Egypt signs a memorandum of understanding with Israel and the European Union, becoming a key-player in the facilitation of exportation of Israeli marine-extracted natural gas to Europe.
This agreement also aligns with the EU’s recent objective, following the recent Russia-Ukraine war, of banning the imports of Russian oil by the end of 2022.
“We want to diversify to trusted suppliers and Egypt is a trustworthy partner. This is a big step forward in the energy supply to Europe but also for Egypt to become a regional energy hub,” said President Ursula von der Leyen, EU’s Commission, in a press conference following the announcement.
It has been agreed that Israeli’s extracted gas will be shipped to Egypt through Egyptian-Israeli pipelines, liquified through the existing Egyptian natural gas liquefaction infrastructures and then transported to European shores. This MoU also included plans for collaborative efforts to formulate the necessary strategies needed to accelerate this process.
Initially, the MoU will be put into effect for three years, after which it will be automatically renewed for a following period of another three years.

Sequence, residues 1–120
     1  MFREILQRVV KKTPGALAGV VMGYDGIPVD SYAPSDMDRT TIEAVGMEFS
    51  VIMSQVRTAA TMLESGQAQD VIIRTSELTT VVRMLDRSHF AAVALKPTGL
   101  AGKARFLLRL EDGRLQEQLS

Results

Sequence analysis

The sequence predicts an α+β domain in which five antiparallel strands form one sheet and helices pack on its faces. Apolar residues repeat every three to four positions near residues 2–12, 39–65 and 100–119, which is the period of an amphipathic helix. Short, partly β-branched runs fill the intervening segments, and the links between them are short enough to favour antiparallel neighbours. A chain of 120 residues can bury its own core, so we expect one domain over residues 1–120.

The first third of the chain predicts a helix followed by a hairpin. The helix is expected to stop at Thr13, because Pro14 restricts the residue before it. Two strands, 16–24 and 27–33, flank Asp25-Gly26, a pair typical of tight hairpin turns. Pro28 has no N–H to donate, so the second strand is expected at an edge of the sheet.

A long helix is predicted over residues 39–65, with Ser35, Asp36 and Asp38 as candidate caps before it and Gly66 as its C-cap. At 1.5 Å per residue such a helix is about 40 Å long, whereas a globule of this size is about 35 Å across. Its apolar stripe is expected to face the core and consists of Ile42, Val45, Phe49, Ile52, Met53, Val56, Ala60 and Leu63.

The EU has also agreed to “endeavor to encourage” investments from European countries in both Egyptian and Israeli natural gas production and exploration, as well as assisting in reducing carbon emissions to fit international standards.
Similarly, it is worth noting that this MoU had a section entirely focused on the environmental impact and safety regards of this agreement, with both sides ensuring that any future investments will not have any negative implications on the environment or safety of any country.
This indication of environmental awareness is not limited to the MoU, as during the same meeting, it has been announced that Egypt will be collaborating with the European Union to launch a green hydrogen partnership during the long-awaited COP27.
“Egypt has the potential to become a leader in renewable energy production and export,” von der Leyen commented.
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